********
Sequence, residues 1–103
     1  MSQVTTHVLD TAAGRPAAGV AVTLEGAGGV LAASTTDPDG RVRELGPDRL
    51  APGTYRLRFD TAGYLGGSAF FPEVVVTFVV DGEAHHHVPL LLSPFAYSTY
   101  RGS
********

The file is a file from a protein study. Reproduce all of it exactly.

Sequence, residues 1–103
     1  MSQVTTHVLD TAAGRPAAGV AVTLEGAGGV LAASTTDPDG RVRELGPDRL
    51  APGTYRLRFD TAGYLGGSAF FPEVVVTFVV DGEAHHHVPL LLSPFAYSTY
   101  RGS